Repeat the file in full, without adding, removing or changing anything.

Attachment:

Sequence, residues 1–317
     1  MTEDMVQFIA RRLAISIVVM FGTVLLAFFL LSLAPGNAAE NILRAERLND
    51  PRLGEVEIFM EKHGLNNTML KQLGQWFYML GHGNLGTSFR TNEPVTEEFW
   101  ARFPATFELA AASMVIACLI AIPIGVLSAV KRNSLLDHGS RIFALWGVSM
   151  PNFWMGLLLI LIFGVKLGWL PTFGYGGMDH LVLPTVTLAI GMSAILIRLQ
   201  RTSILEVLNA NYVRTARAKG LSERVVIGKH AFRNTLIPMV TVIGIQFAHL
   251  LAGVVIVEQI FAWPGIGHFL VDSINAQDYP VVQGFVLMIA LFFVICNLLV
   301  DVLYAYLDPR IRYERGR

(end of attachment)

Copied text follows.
Sequence, residues 1–317
     1  MTEDMVQFIA RRLAISIVVM FGTVLLAFFL LSLAPGNAAE NILRAERLND
    51  PRLGEVEIFM EKHGLNNTML KQLGQWFYML GHGNLGTSFR TNEPVTEEFW
   101  ARFPATFELA AASMVIACLI AIPIGVLSAV KRNSLLDHGS RIFALWGVSM
   151  PNFWMGLLLI LIFGVKLGWL PTFGYGGMDH LVLPTVTLAI GMSAILIRLQ
   201  RTSILEVLNA NYVRTARAKG LSERVVIGKH AFRNTLIPMV TVIGIQFAHL
   251  LAGVVIVEQI FAWPGIGHFL VDSINAQDYP VVQGFVLMIA LFFVICNLLV
   301  DVLYAYLDPR IRYERGR